Readings Staged At Local Libraries For Banned Books Week
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CHICAGO (CBS) — This is Banned Books Week, and a local theater company is staging readings from last year’s most frequently censored books.
The American Library Association began Banned Books Week began in 1982, after challenges to books skyrocketed. Since then, more than 11,000 books have been challenged, and challenges have been issued in every state in the country.
“People challenge books that they say are too sexual or too violent. They object to profanity and slang, and protest against offensive portrayals of racial or religious groups – or positive portrayals of homosexuals,” the ALA said last year. “Their targets range from books that explore the latest problems to classic and beloved works of American literature.”
In past years, the ALA has staged a “Read-Out” of the 10 most frequently banned or challenged books at Bughouse Square, at Dearborn and Walton streets. But this year, the event has been replaced with a “Virtual Read-Out,” in which people were invited to submit a reading from a frequently banned book, or give an eyewitness account of an attempt at censoring a book.
The clips have been gathered on a “Virtual Read-Out” YouTube channel, which includes an appearance by Whoopi Goldberg reading a Shel Silverstein poem.
But events are still going on in Chicago. The City Lit Theatre Company is holding readings of last year’s the 10 most frequently challenged books all week at various public libraries in the city and suburbs. The troupe appeared at the Harold Washington Library on Sunday, and are set for appearances at various branch and suburban libraries through the week.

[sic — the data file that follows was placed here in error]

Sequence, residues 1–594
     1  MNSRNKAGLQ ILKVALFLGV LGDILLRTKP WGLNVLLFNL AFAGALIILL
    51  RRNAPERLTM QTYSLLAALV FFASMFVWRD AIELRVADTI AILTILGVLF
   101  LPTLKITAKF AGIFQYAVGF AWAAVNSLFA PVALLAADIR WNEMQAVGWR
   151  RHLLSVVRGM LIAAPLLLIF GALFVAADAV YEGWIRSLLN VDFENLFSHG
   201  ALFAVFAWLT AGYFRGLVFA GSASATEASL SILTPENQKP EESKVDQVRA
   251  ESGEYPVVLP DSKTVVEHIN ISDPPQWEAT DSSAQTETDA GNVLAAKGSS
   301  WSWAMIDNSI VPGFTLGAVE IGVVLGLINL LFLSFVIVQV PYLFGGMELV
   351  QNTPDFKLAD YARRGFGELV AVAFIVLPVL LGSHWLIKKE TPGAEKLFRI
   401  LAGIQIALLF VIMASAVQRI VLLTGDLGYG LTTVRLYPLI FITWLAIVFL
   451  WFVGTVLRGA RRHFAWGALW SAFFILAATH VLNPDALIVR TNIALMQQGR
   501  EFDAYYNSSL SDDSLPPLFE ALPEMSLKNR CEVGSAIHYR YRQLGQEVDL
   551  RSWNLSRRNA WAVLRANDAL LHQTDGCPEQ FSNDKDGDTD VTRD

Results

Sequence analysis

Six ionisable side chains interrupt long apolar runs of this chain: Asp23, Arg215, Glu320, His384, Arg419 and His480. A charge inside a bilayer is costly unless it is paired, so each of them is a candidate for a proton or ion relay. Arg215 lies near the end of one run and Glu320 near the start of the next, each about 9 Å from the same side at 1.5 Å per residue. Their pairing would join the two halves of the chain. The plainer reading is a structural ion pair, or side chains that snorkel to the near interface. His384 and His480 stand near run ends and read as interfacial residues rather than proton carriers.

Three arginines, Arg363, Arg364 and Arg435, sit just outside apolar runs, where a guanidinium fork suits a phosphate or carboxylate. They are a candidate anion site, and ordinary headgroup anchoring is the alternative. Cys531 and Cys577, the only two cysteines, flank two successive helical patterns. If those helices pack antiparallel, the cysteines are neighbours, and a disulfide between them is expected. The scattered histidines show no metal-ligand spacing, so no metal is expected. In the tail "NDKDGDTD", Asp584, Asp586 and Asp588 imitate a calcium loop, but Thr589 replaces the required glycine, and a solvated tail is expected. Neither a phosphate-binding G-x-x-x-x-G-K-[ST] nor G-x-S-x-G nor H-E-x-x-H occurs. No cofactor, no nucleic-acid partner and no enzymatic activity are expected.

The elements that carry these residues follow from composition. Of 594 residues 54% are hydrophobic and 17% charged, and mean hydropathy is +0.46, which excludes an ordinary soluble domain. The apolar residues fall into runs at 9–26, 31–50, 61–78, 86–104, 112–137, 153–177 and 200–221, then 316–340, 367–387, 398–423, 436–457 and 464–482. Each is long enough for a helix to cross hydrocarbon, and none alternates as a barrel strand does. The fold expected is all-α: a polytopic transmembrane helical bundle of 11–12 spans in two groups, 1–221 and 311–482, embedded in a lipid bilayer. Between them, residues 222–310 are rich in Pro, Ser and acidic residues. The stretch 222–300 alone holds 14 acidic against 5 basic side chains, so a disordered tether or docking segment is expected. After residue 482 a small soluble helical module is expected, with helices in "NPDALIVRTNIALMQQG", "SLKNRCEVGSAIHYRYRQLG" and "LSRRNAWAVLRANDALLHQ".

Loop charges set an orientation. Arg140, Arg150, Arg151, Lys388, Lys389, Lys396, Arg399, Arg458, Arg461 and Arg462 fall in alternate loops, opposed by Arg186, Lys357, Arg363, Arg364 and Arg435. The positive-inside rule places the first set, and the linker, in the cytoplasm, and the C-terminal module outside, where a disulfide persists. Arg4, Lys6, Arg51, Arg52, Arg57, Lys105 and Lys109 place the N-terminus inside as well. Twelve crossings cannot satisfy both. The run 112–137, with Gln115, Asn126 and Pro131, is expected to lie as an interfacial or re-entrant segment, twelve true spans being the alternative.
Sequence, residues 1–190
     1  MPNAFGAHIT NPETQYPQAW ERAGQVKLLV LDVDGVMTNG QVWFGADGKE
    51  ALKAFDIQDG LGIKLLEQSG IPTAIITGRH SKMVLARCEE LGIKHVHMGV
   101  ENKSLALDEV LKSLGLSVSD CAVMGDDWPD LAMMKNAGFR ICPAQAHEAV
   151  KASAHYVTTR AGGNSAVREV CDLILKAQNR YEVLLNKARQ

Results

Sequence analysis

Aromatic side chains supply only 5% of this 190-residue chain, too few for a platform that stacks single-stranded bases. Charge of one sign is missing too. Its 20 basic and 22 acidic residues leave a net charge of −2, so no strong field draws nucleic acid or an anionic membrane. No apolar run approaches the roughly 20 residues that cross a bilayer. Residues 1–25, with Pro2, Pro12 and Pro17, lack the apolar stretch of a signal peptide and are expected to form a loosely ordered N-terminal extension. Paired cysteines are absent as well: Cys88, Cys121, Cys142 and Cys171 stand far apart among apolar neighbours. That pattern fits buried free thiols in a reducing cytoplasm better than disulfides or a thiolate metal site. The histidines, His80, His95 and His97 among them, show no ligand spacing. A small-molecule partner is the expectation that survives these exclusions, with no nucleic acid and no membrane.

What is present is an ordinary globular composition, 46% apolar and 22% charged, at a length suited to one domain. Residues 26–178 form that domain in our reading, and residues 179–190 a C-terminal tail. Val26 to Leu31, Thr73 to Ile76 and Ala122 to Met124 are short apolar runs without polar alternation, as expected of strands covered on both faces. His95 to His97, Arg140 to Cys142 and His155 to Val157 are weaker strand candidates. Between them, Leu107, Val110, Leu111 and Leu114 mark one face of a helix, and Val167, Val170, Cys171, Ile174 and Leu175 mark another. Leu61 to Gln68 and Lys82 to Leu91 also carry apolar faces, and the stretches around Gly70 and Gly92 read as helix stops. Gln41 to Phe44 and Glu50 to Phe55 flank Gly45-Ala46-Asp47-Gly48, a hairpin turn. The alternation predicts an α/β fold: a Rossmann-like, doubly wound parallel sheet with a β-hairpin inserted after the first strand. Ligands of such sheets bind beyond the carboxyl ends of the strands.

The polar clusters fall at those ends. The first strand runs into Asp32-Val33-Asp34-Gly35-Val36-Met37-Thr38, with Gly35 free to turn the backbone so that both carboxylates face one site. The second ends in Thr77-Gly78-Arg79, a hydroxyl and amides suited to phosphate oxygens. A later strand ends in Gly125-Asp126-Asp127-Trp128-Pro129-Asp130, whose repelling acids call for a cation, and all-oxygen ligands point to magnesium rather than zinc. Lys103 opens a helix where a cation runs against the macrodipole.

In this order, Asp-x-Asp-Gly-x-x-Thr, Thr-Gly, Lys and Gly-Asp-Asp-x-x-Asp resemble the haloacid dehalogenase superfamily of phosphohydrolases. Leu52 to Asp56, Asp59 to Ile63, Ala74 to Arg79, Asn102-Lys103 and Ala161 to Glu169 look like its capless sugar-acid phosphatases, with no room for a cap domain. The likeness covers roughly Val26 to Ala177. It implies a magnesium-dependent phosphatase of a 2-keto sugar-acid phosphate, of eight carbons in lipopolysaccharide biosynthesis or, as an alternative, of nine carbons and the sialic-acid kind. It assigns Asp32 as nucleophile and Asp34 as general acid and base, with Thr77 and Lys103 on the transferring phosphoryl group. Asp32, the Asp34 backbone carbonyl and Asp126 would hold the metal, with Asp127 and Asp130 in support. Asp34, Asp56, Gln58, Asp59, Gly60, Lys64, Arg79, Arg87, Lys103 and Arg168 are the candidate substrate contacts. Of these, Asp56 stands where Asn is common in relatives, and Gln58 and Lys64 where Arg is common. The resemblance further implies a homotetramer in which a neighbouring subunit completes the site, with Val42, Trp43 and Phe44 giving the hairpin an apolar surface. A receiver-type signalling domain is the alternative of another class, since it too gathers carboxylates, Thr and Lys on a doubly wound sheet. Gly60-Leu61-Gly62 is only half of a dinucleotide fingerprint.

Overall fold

In 2010, the 10 most frequently banned or challenged books were:
• And Tango Makes Three, by Peter Parnell and Justin Richardson, a 2005 children’s story based on two real-life male penguins at the Central Park Zoo in New York that coupled and raised a chick together. Reasons: “homosexuality, religious viewpoint, and unsuited to age group.”
• The Absolutely True Diary of a Part-Time Indian, by Sherman Alexie, a 2007 young-adult novel about a Native American teenager living on a reservation, and his struggles attending an all-white high school. Reasons: “insensitivity, offensive language, racism, sexually explicit.”
• Brave New World by Aldous Huxley, the classic 1932 novel depicting a dystopian future in the year 2540, in which a World State unifies most of society, children are created through laboratory processes, and people are locked into castes that are decided during infant development. Reasons: “insensitivity, offensive language, racism, sexually explicit.”
• Crank, by Ellen Hopkins, a 2004 young adult novel about a teenage girl who plunges into methamphetamine addiction, based on the experiences of the author’s own daughter. Reasons: “drugs, offensive language, racism, sexually explicit.”
• The Hunger Games series, by Suzanne Collins, a science fiction trilogy published between 2008 and this year, recounting the adventures of a teenage heroine in a post-apocalyptic authoritarian society. Reasons: “sexually explicit, violence, unsuited to age group.”
• Lush by Natasha Friend, a 2006 young adult novel about a 13-year-old girl who struggles with an alcoholic father. Reasons: “drugs, sexually explicit, offensive language, unsuited to age group.”
• What My Mother Doesn’t Know, by Sonya Sones, a 2001 young-adult novel in verse about a high school freshman and her trials in the world of adolescent dating. Reasons: “sexism, sexually explicit, unsuited to age group.”
• Nickel and Dimed: On (Not) Getting by in America, by Barbara Ehrenreich, a 2002 nonfiction account in which the author attempts to measure the effects of welfare reform on the working poor by going undercover and taking a variety of low-wage jobs. Reasons: “drugs, inaccurate, offensive language, political viewpoint, religious viewpoint.”
• Revolutionary Voices, edited by Amy Sonnie, a 2000 literary anthology created for “radical queer youth.” Reasons: “homosexuality, sexually explicit.”
• The Twilight series, by Stephenie Meyer, the famous 2005-2008 series of vampire-themed fantasy novels that have since been adapted into big-budget movies. Reasons: “sexually explicit, religious viewpoint, violence, unsuited to age group.”